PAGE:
Pinch mums – To get nice full mums this fall, pinch them back now. It’s best to pinch them two or three times before July 4, K-State Research and Extension horticulturist Dennis Patton says. Cut back new growth by half, preferably starting when the plant has four to six leaves below each stem’s top growth, Patton says. That will force the leaf axils below every cut to send out side shoots. The plant will be shorter but will end up with about six new stems wherever it used to have one.
“You repeat the process each time the new stems have put up about 4 inches of growth,” Patton says. “If you only cut them back by about half, your plant will be about 2 inches taller after every trimming. You quit around the Fourth of July, so the shoots will have time to put on new growth and set buds. They’ll be ready to bloom next fall.”
Gardeners with just a few mums can pinch them by hand or cut off the tops with scissors. They can follow the usual practice of cutting about one-quarter of an inch above a leaf. “That’s a little time-consuming and tedious, though,” Patton says. “If you’re a weekend-warrior-type gardener, you’ll find it’s a lot easier and faster to get out there with your hedge shears and chop them back. So long as you more or less keep the one-half rule in mind, that also will allow new shoots to break out and grow.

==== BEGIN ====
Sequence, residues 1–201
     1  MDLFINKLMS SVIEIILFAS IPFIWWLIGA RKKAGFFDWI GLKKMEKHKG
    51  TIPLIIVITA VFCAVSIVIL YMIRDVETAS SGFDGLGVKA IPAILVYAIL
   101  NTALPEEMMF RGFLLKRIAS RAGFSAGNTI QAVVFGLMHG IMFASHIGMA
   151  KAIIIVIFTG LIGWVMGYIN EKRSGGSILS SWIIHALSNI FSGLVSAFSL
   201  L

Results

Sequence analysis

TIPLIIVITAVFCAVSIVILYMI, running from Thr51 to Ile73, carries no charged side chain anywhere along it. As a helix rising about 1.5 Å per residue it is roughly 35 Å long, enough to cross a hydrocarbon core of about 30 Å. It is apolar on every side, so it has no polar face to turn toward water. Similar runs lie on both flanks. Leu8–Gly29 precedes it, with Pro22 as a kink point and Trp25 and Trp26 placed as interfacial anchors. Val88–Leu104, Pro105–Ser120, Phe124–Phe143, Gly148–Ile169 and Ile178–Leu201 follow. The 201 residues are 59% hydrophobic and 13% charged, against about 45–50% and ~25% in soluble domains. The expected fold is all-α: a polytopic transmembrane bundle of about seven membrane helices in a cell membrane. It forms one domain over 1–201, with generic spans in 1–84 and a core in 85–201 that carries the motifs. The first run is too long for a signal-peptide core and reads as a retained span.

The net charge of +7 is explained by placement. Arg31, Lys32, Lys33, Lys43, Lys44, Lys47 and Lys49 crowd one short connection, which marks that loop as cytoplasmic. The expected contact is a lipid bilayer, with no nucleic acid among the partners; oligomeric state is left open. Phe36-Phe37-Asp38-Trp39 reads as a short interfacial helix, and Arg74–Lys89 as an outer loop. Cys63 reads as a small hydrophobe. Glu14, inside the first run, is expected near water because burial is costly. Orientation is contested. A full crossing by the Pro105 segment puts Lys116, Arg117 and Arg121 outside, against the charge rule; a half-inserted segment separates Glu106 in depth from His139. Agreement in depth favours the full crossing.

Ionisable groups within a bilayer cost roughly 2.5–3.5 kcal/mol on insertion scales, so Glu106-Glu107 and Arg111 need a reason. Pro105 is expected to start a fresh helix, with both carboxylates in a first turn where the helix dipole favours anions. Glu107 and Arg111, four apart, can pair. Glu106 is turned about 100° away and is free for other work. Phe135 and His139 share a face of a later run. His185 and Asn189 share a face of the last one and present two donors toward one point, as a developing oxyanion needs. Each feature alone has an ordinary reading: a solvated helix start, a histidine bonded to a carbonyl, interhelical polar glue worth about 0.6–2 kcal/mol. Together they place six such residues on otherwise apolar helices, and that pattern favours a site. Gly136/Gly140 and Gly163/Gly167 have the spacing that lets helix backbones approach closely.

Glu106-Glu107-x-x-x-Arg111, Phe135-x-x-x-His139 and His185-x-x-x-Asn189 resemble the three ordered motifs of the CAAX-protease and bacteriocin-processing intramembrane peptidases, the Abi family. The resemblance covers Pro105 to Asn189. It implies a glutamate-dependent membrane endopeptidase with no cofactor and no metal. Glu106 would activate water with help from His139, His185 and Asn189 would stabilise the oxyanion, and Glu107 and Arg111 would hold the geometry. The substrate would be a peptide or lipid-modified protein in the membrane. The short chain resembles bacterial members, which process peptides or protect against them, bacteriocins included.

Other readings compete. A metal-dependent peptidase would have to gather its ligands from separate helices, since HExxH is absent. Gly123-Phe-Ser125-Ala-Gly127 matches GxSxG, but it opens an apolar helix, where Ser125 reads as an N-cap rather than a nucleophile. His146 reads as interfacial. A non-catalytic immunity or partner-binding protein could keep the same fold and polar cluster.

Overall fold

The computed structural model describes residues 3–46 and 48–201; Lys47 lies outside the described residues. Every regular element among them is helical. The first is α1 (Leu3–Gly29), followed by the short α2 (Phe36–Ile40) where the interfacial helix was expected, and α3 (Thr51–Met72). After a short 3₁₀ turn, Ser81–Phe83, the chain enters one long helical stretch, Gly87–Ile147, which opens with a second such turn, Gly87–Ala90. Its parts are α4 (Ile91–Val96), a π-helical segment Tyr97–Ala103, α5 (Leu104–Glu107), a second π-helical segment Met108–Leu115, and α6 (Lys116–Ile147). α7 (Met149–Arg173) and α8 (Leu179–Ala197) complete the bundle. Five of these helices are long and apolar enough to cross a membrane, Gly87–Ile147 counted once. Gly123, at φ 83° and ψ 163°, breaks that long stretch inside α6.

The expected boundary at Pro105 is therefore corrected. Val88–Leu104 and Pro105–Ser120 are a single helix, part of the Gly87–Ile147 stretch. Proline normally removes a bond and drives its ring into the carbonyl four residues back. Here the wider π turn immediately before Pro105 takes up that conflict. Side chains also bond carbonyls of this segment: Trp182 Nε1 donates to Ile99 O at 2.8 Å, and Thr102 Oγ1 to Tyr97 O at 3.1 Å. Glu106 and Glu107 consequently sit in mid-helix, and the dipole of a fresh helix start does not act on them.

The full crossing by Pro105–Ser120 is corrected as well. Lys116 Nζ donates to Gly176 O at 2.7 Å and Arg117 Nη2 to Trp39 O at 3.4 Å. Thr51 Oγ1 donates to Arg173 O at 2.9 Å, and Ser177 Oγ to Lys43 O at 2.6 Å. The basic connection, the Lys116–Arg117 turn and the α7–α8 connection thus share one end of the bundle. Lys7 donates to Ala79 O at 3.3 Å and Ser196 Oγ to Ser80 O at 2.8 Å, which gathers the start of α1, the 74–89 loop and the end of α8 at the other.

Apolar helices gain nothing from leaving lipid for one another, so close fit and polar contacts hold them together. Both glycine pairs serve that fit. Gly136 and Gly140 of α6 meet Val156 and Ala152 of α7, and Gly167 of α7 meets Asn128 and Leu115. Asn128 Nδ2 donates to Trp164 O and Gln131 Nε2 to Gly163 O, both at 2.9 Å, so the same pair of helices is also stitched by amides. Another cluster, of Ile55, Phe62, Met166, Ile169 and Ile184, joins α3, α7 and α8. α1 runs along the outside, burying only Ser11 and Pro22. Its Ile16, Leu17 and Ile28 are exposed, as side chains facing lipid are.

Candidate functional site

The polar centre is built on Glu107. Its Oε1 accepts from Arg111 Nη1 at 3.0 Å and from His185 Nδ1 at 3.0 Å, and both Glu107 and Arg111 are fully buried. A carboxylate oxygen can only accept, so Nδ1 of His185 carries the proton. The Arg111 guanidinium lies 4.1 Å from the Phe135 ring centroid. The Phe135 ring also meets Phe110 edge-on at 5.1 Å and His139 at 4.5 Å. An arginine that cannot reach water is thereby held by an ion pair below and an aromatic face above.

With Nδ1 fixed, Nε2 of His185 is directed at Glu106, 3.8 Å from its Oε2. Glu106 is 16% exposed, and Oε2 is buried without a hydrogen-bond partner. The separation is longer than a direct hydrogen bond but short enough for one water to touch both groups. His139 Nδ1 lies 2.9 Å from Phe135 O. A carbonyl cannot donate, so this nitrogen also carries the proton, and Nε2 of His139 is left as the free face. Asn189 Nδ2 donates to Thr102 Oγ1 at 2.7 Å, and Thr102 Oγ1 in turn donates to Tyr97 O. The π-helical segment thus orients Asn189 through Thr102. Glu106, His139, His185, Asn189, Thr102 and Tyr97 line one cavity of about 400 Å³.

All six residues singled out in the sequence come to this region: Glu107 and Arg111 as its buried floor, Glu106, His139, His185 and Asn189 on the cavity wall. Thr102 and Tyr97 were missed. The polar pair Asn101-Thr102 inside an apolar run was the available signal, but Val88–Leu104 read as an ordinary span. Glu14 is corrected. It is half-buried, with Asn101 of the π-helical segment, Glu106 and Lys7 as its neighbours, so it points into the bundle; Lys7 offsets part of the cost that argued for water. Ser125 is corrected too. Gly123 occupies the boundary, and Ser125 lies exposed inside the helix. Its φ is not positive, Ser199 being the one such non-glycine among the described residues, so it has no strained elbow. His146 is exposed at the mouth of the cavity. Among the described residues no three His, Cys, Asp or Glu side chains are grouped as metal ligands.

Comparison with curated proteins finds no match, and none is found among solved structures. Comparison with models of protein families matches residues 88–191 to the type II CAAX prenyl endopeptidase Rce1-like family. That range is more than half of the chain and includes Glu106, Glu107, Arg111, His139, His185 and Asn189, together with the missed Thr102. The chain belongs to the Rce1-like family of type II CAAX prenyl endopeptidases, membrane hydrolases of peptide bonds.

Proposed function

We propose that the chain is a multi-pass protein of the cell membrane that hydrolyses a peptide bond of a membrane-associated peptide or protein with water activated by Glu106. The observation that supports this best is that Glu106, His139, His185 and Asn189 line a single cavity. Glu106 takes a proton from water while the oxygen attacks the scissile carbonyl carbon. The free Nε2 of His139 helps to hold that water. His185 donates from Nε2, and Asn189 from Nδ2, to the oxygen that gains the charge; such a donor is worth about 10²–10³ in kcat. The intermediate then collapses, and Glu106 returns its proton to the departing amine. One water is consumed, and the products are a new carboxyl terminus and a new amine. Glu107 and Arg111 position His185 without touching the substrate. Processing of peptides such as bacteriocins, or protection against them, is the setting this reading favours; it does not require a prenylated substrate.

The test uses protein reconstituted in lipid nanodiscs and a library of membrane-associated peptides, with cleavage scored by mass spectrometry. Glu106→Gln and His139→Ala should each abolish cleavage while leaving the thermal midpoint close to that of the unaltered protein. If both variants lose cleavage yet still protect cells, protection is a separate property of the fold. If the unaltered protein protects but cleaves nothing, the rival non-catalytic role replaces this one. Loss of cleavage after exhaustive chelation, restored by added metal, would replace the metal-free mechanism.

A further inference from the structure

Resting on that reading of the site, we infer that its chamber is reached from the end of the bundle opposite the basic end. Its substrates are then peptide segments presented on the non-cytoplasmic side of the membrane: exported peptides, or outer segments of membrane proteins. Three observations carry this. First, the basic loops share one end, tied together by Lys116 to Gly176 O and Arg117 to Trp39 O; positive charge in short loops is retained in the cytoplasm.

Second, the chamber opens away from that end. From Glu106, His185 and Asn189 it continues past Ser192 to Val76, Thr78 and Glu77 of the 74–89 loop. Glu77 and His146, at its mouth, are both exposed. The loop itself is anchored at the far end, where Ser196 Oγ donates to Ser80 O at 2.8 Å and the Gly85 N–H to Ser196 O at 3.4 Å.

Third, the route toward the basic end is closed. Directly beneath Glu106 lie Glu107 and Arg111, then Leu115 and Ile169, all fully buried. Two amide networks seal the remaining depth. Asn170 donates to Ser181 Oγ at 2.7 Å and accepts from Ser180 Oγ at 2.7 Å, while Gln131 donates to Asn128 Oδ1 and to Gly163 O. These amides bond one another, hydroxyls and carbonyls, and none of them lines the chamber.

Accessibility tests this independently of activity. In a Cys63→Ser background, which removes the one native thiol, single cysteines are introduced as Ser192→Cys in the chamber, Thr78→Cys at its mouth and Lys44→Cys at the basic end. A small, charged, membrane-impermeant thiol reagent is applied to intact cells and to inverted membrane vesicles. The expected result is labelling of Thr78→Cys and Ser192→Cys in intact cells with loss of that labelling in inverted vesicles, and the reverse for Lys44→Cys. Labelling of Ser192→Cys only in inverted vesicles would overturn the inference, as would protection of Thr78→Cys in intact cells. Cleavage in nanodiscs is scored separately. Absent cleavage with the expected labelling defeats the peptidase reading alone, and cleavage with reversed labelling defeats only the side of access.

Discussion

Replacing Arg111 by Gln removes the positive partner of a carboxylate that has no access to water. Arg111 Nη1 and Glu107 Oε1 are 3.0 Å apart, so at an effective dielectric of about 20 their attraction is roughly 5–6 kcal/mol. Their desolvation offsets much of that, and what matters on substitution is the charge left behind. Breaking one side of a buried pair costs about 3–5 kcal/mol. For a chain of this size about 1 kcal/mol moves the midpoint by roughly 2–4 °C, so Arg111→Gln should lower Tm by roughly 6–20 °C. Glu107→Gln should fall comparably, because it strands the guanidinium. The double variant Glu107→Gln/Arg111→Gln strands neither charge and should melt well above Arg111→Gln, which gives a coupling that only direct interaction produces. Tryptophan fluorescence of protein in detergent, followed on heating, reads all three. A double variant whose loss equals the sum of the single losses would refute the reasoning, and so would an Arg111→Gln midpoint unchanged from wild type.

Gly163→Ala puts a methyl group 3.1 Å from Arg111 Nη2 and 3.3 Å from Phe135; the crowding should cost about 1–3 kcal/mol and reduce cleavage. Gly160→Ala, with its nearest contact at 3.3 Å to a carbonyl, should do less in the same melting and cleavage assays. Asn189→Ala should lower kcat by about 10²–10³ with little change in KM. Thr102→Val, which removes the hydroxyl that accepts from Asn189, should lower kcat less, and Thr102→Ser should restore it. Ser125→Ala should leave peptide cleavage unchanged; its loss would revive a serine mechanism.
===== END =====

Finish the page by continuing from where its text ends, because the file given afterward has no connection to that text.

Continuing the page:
“If your plant’s healthy, each shoot should produce a fistful of flowers. So, by multiplying each stem several times, you’ll have that gorgeous bushy effect for the end of the season.”
Mulch tomatoes – It’s warm enough now for this task. See On the Garden Hotline elsewhere on this page for more information from the master gardeners.
Plant – Okra, basil, melons, pumpkins, beans, cucumbers, eggplant, peppers, sweet potatoes, sweet corn, squash, tomatoes.
25 years in Botanica’s gardens – Botanica’s landscape supervisor, Patrick McKernan, has been there from the beginning. As part of Botanica’s 25th anniversary, McKernan will give a lunchtime lecture there Wednesday about the transformation he has witnessed and helped shape. The lecture is from 12:15 to 1 p.m. and is included in Botanica admission. Syl’s will serve lunch from 11 a.m. to 12:30 p.m. for an additional $7.
See the Bit of Earth column for a list of garden-related events this weekend.